Yes, for those who may have never delved into the confines of its history, Netflix began as an internet site where you could rent or buy a movie or a series in physical format, and they would mail it to you in the comfort of your home.
The page was officially launched in 1998 and for 1999, its monthly subscription modality was released. Already in 2000, with the moderate success it had achieved in a few years, the platform began to update its dynamics with users. implementing features to rate movieswhich would create a kind of algorithm to predict future elections.
The following years brought a complicated period where it seemed that the company was going to be shipwreckedbut then they saw the light with millions of subscriptions, improved interface and dynamics with users, significant listings on the stock market, Randolph’s departure…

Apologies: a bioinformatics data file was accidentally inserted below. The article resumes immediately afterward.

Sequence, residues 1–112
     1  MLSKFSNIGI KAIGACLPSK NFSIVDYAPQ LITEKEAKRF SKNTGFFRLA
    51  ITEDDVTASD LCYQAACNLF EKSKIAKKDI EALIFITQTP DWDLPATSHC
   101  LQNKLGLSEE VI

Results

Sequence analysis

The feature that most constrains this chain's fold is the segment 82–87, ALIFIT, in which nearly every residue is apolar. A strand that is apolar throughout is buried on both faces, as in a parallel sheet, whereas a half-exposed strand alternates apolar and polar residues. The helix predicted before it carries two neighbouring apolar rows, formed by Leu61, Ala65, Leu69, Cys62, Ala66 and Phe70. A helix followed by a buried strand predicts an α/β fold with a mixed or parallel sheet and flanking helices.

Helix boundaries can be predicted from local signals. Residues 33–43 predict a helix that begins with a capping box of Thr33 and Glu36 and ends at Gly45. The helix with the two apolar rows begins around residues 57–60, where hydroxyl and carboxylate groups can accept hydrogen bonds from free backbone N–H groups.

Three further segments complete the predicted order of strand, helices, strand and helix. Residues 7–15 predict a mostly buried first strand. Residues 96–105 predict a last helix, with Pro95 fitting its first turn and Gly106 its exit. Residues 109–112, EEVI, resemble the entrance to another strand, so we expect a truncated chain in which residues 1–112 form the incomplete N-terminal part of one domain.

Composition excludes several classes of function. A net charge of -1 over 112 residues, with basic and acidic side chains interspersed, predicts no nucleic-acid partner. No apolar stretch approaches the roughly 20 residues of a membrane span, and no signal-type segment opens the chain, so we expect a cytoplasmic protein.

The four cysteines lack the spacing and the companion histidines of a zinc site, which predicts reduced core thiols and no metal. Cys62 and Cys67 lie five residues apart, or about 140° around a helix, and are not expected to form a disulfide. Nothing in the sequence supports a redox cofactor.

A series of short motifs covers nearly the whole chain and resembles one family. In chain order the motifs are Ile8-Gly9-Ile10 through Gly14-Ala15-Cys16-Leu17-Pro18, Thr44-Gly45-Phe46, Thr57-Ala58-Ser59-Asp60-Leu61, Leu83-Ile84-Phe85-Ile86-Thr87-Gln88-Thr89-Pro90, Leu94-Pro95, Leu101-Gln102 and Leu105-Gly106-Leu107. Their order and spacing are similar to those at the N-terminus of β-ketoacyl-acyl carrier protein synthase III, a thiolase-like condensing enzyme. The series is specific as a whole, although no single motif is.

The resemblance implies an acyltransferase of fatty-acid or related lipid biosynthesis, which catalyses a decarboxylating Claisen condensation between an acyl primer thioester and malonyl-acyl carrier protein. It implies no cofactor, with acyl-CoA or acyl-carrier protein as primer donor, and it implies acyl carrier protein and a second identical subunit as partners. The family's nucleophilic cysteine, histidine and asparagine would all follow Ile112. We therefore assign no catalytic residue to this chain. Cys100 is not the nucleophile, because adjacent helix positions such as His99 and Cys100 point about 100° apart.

In addition, the company climbed into the DVD rental market to become the direct competition of the aforementioned Blockbuster. The latter even saw the need to implement and invest heavily in a mail delivery service because, as they say colloquially, ‘they were eating their errand’.
Former Blockbuster executives must be regretting not buying Netflix when they were offered in 2000 for 50 million dollarsthis according to what co-founder Marc Randolph tells in his book That Will Never Work of 2019.
Watch Now: Entering the streaming market